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Baseball is known to many around the world as "America's Pastime.  However, in the past year baseball has becoming known as an entirely different game. Baseball is rapidly becoming a game of politics and denial. In an article in Sports Illustrated columnist Tom Verducci inquired, "Is Baseball in an asterisk era?  The frightening thing is that the answer might be "yes.  If it is proven that some of the baseball players that have set records in the past few years have been using illegal performance enhancing drugs, it could cause chaos. This madness would not only apply to the record books but for top executives of baseball as well. Baseball is currently the only professional sport that lacks a drug testing and punishment policy, but after many questions, speculations, and recent confessions, who knows if it will change its guidelines?

In the history of major league there have been some great power hitters. Men like Hank Aaron and Babe Ruth hit loads of homeruns and helped their team win games with their hitting. But in comparison to hitters of today their numbers are being dwarfed. "In the 70 seasons between 1928 and 1997, Roger Marris was the only man to hit 60 or more home runs, but from 1998 to 2001 the record was eclipsed six times (Verducci). Hank Aaron, who is known as the all-time power king, never had a fifty-homer season; nonetheless he hit 755 home runs in his career. It is difficult to compare these sluggers to the power hitters of today because of the lack of technology in equipment in their playing days, but there is still an undeniable trend to be seen here.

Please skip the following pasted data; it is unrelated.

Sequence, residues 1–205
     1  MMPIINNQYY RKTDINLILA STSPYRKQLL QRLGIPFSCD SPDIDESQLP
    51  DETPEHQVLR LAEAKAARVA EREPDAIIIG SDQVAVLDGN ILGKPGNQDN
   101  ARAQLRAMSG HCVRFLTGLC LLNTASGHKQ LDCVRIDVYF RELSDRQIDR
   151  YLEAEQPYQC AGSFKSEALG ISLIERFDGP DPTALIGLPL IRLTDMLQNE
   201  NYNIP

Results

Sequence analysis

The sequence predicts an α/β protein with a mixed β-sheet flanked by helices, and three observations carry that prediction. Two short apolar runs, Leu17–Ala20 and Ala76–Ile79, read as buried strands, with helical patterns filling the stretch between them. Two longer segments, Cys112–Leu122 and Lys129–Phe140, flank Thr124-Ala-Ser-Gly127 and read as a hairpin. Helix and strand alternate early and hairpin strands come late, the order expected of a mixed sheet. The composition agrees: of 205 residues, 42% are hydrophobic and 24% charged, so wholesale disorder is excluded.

Though many deny that baseball players are using steroids the facts to support that the theory are building fast. Former All-Star baseball players Jose Canseco and one time MVP Ken Caminiti recently revealed that they both had used and seen others using steroids while they wer

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